Grow My Food 101

Sheryl Casteen at Cascades School hoop house
Sheryl Casteen at Cascades School hoop house
Teri Knaup, a student at Cascades Elementary, tends ripening Geronimo tomatoes.
Teri Knaup, a student at Cascades Elementary, tends ripening Geronimo tomatoes.
Horticulture teacher Rick George explains how to plant the broccoli start.
Horticulture teacher Rick George explains how to plant the broccoli start.
Student gardener enjoys finding a worm while planting vegetables.
Student gardener enjoys finding a worm while planting vegetables.
Production manager Barbara Rowe checks on the vertically-trellised Geronimo toma
Production manager Barbara Rowe checks on the vertically-trellised Geronimo toma
Trenton Cable enjoys the greenhouse with Teri, other students, and Sheryl Castee
Trenton Cable enjoys the greenhouse with Teri, other students, and Sheryl Castee

OSU Extension Master Gardeners and 4-H Help Sew Seeds of Knowledge

By Mary Stewart

 “I found a worm!” exclaims 4th grader Trenton Cable as he gently lifts the squirmy pink prize from the raised bed garden at Cascades Elementary School in Lebanon. Other kids gather around the teaching garden to share his excitement. Trenton has been enrolled in the horticulture class here for two years and learned quite a bit about growing food, including the impressive role of worms. “Worms eat the soil and then put something back in the soil that is good for the plants,” he says as he releases the garden helper back into the growing bed where six other students are diligently planting young broccoli seedlings.

The school’s gardening instruction is cultivated by the Planting Seeds of Change project – a consortium of OSU Extension Master Gardeners and 4-H, the school district’s principals, horticulture and nutrition staffs, Oregon Department of Agriculture Farm-to-School program, local businesses and organizations.

OSU Extension Master Gardeners and 4-H deeply involved

“The OSU Extension Service was an integral part of getting this started in 2008,” says Sheryl Casteen, an OSU Extension Master Gardener who has contributed countless hours toward the success of the program. “OSU Extension Master Gardeners brought tractors and tilled the soil, built the tables for the greenhouses, purchased 200 pairs of boots for the students and provided vegetable transplants,” Sheryl recalls. Since 2008, the volunteer educators have perennially provided technical advice and advocacy, recruited sponsors and donations, and even taken their turn pushing the wheelbarrow. 

This past year OSU Extension 4-H faculty Robin Galloway received a grant from the Oregon 4-H Foundation to install commercial grade fans in the greenhouse at Cascades school. “The fans ensure the students will have a successful learning experience because the fans help ward off disease that may be caused by poor air circulation,” says Robin.    

Improving the health of kids and families

“The students see the connection between what they do in the garden and what they see on the salad bar. And they eat it!” –Rick George, teacher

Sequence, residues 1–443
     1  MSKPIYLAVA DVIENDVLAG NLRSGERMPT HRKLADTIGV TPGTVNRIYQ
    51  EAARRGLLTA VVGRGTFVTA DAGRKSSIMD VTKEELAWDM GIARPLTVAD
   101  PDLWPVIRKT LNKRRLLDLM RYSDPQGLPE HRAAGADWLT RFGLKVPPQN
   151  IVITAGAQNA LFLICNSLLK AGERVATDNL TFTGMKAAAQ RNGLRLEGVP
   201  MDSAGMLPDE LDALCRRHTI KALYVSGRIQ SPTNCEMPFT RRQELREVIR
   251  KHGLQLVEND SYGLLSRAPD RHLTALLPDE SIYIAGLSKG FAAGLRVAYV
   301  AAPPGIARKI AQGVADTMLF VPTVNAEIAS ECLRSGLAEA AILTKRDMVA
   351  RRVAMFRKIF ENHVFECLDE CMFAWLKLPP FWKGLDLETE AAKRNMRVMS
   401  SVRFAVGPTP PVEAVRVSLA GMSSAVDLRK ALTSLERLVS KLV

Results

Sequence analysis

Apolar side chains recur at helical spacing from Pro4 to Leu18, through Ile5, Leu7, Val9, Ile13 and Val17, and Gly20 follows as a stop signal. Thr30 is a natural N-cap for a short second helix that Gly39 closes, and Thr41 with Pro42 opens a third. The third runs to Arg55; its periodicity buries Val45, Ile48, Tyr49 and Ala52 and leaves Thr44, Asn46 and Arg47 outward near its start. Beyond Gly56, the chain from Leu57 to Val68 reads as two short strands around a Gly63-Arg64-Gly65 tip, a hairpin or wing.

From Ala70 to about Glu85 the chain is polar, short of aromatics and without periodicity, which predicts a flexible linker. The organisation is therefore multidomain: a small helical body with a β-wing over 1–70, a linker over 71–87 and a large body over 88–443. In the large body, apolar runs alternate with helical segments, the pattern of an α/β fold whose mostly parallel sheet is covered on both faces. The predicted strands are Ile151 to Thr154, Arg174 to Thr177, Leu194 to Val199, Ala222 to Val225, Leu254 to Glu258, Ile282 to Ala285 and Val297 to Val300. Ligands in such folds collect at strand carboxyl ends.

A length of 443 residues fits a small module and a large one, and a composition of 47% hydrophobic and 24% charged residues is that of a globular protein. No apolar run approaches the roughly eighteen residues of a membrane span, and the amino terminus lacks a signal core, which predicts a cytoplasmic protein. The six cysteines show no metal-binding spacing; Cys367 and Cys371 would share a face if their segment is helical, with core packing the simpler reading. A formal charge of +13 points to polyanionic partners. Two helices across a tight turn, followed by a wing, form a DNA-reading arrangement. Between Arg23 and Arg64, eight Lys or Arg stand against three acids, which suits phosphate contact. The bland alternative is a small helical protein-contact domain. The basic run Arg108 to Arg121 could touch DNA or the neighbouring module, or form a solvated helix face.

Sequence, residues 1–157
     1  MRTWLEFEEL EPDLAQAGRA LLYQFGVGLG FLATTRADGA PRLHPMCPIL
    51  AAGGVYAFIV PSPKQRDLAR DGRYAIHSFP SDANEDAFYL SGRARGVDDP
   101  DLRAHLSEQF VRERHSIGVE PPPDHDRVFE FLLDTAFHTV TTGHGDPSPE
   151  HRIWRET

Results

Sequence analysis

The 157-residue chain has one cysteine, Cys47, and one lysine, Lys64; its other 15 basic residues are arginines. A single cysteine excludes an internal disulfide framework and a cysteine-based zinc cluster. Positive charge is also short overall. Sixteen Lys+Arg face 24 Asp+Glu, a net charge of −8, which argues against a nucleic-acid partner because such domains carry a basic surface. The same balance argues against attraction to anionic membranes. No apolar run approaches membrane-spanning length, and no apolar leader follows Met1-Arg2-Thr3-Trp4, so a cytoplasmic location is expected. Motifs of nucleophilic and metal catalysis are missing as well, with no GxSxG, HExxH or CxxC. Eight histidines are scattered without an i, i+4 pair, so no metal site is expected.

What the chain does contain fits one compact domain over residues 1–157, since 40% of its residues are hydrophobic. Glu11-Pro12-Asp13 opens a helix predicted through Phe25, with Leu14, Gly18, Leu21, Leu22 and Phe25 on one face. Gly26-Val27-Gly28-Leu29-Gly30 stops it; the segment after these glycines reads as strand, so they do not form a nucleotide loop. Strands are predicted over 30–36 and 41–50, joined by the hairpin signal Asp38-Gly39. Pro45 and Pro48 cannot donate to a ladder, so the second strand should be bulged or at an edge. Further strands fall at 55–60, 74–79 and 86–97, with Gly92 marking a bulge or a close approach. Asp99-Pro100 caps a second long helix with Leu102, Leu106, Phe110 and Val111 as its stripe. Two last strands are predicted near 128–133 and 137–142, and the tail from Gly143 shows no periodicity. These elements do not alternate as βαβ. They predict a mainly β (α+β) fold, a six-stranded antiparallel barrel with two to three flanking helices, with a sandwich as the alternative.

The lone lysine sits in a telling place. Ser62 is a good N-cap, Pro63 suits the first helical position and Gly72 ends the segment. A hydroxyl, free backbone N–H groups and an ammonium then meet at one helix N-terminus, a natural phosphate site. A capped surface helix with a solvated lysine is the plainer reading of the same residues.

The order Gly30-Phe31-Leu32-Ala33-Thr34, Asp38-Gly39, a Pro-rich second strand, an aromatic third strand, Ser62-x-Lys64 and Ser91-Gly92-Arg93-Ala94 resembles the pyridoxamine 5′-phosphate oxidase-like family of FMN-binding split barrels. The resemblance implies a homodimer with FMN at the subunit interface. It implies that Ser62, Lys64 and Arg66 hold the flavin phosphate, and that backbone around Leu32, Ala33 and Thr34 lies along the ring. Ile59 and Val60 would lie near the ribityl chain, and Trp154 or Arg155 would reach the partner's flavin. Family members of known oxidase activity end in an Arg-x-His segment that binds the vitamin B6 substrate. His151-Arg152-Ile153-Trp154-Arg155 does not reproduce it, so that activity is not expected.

“I think the experience is awesome,” says Teri Knaup, a 4th grader who is personally reaping the benefits of the gardening program. “This is helping me learn how to grow plants and make them healthier,” she adds. Teri sees how what she has learned in the school garden is good for her entire family: “My sister loves the tomatoes and I love the strawberries -- we all love the stuff that we grow.”

According to District-wide horticulture teacher Rick George, the popularity of the horticulture outdoor classrooms has grown steadily. The Planting Seeds of Change effort now involves 39 classes and 36 teachers who are educating their students in teaching gardens at Cascades, Seven Oak Middle School, Pioneer Elementary, Hamilton Creek, and the new Riverview School. “I learned a lot from the OSU Extension Master Gardeners,” says Rick. “And when they became involved, the program got a lot bigger,” he adds.

Through the season of preparing the soil, planting the seeds and seedlings, adding nutrients, hoeing, weeding and harvesting, kids begin to change. “Kids will do things that they might not have tried before—that’s the change I see taking place,” says Rick. He describes how one curious student took a bite of an onion freshly harvested from the garden: “Even though I warned them they may not like it, he and other students tried the onions and they began to like them.” 

Because of the exposure to the fresh foods, and the personal involvement in the cultivation, students have greatly expanded their desire for eating vegetables. Harvest time is made into a celebration in the cafeteria for the students. This year a corn roast, watermelon feed and a potato bake were all prepared by the school nutrition staff and consumed with eager appreciation. When the students have a hand in raising the fresh produce, they are more likely to eat it.

Growing food for the cafeteria

Barbara Rowe is the garden production manager for the school’s nutrition program. Through a grant from Oregon Department of Agriculture, Barbara is able to plan and produce vegetables for use in the cafeteria.  On one day, for example, she provided 25 pounds of tomatoes to the cafeteria along with a wide variety of lettuce, green beans and other produce. The goal of Barbara’s work is for the fields and greenhouses to eventually provide all the fresh produce for the school cafeterias.

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